A demonstrator protests the Federal Reserve's failure to bail out Puerto Rico outside International House in New York on April 7, 2016. (Associated Press) **FILE**

Saving Puerto Rico

The Commonwealth of Puerto Rico is a small island, population 3.5 million, but it's counting on Washington thinking that the commonwealth, like Wall Street banks and Detroit automobile manufacturers, is too big to fail. Decades of out-of-control management has pushed it to the brink of financial collapse.

President-elect Barack Obama, left, stands with Secretary of State-designate Sen. Hillary Rodham Clinton, D-N.Y., right, at a news conference in Chicago, Dec. 1, 2008. (AP Photo/Pablo Martinez Monsivais)

What is Obama waiting for?

At 54 and soon to be unemployed (though with a nice pension and a feast of travel perks), Barack Obama may well believe that there's still something in the political world ahead for him. Congress has nothing for an ex-president -- been there and done that. But there are options.

Democratic presidential candidate Hillary Clinton speaks during a Women for Hillary event in New York, Monday, April 18, 2016. (AP Photo/Seth Wenig)

Hillary's gender wage-gap fallacy

Most men love women. Every man owes his life to the woman who gave him birth, and many men have sisters with whom they shared their toys and DNA, and finally a wife with whom he shares his life. That's why men are rankled by the message Hillary Clinton harps on, that men have a bias against women in the workplace. Men get a bigger paycheck, and size matters.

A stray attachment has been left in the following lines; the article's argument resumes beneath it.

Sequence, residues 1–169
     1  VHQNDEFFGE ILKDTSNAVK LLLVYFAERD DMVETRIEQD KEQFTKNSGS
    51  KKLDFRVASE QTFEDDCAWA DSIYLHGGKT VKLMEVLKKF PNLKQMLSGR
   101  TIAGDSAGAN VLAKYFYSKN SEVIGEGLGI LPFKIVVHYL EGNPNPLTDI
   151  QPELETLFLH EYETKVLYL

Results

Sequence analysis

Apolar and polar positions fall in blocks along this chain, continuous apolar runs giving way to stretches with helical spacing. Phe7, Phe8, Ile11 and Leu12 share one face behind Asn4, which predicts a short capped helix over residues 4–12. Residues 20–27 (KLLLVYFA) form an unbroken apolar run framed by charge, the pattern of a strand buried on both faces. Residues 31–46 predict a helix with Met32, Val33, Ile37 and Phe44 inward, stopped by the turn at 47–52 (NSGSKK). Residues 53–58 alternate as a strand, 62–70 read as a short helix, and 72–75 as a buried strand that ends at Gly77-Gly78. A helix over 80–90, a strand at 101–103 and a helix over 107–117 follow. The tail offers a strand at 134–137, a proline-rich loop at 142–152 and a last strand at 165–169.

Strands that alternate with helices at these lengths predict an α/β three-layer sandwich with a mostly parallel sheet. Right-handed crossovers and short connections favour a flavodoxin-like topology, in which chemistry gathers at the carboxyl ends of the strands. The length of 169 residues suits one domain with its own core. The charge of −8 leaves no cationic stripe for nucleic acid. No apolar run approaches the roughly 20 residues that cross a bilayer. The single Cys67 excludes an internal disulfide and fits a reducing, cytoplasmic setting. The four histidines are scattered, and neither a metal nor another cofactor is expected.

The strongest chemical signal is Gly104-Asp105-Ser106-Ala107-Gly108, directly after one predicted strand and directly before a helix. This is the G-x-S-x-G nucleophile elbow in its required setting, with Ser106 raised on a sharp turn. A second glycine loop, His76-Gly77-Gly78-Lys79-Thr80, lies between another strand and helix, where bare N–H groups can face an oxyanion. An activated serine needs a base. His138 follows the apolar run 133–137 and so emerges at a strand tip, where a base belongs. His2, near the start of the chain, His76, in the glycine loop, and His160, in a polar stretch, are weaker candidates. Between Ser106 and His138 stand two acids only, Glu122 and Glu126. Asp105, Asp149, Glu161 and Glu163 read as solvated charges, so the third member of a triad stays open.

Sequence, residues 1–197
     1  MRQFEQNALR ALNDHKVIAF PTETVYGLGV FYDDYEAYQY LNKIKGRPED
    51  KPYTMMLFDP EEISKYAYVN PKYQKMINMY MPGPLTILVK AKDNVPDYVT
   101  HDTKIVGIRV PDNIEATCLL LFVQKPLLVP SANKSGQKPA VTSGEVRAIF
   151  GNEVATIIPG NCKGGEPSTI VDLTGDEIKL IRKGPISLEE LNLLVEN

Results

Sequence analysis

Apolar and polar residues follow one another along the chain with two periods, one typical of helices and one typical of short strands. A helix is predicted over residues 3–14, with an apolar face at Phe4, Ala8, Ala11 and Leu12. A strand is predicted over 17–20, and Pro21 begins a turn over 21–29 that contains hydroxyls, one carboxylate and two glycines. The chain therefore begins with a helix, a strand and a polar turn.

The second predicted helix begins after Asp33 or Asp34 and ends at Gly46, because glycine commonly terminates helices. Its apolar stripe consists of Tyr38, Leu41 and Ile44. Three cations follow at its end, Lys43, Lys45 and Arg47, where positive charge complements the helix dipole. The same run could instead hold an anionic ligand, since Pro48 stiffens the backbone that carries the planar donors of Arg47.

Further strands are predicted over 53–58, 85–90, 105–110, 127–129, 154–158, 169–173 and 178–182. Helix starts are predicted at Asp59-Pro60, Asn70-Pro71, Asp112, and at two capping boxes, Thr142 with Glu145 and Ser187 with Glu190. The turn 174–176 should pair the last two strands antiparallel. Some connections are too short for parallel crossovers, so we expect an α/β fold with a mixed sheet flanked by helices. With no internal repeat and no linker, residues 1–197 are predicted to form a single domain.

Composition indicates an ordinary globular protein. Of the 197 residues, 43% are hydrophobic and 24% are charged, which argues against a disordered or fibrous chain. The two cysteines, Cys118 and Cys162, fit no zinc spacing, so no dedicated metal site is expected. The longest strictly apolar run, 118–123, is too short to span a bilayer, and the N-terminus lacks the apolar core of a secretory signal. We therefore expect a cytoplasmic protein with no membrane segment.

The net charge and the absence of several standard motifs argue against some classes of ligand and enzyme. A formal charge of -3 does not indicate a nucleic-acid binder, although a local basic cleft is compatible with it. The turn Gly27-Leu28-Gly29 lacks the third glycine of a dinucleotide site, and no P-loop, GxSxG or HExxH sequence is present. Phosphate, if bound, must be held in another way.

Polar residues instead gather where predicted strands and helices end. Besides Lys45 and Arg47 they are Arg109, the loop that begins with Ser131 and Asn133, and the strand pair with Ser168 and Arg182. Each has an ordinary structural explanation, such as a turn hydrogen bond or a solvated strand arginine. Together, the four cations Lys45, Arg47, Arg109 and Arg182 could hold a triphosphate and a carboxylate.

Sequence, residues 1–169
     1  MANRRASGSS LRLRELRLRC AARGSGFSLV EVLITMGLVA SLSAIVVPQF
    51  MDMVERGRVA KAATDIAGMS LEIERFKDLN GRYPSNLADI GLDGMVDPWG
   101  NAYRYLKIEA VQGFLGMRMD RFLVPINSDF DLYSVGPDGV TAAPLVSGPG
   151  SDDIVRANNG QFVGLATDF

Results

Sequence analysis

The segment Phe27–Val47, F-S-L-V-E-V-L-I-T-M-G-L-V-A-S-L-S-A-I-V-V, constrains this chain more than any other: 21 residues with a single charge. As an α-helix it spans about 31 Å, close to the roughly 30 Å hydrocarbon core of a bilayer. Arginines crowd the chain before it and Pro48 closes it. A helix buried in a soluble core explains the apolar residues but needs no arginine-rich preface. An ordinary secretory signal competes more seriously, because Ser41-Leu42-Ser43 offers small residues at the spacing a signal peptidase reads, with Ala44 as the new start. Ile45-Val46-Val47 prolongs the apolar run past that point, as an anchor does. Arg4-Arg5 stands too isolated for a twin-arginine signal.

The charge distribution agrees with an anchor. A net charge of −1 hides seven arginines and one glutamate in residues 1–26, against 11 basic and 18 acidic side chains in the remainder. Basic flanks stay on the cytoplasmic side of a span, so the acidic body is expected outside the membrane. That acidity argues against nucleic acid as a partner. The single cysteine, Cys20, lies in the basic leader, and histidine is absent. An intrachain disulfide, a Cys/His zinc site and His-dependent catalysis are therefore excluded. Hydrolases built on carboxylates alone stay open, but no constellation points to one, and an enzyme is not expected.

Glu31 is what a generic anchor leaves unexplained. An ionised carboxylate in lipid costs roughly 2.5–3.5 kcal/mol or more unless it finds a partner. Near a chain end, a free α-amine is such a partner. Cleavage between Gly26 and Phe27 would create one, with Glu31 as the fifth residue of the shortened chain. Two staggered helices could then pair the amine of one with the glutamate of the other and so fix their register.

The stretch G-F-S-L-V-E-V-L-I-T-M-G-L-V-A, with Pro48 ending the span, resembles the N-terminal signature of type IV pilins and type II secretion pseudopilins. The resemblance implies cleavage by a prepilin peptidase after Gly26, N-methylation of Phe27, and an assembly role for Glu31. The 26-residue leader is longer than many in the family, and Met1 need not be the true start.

President Barack Obama speaks in the Rose Garden of the White House in Washington, to talk about the breakthrough in the Iranian nuclear talks. (AP Photo/Susan Walsh, File)

No more the supplicant

The United States was only yesterday a supplicant at the oil bazaar, counting on the Saudis to be merciful by keeping OPEC a reasonable merchant, but that was then, and the United States is an oil exporter now. No more supplicant. America might even make a credible argument for membership in OPEC.

On the heels of his disappointing finish in Colorado, Donald Trump last week said the Republican National Committee "should be ashamed of themselves for allowing this kind of crap to happen." (Associated Press)

The whines heard 'round the world

This is the year of the whiner. The Republican establishment whines that if only the folks in the grass roots would listen to the wise men the party could get on with choosing a serious candidate, like Jeb Bush, or John Kasich, or Paul Ryan, or, swallowing hard, even Ted Cruz. Donald Trump whines that the elites aren't playing fair and the delegate selection is rigged.

No emancipation this year

Tax Day arrives a little late this year, giving Americans a three-day reprieve from the annual pain of sending the U.S. Treasury an arm and a leg, without gift-wrapping. The day of dread is April 18, owing to the District of Columbia's Emancipation Day, falling on April 16, a Saturday, entitling D.C.'s federal workers to take a three-day weekend. A short extension from the usual April 15 deadline hardly soothes the pain.

Judge Merrick Garland, President Barack Obama’s choice to replace the late Justice Antonin Scalia on the Supreme Court, arrives for a meeting with Sen. Elizabeth Warren, D-Mass., on Capitol Hill in Washington, Thursday, April 14, 2016.  (AP Photo/J. Scott Applewhite)

The lame duck quacks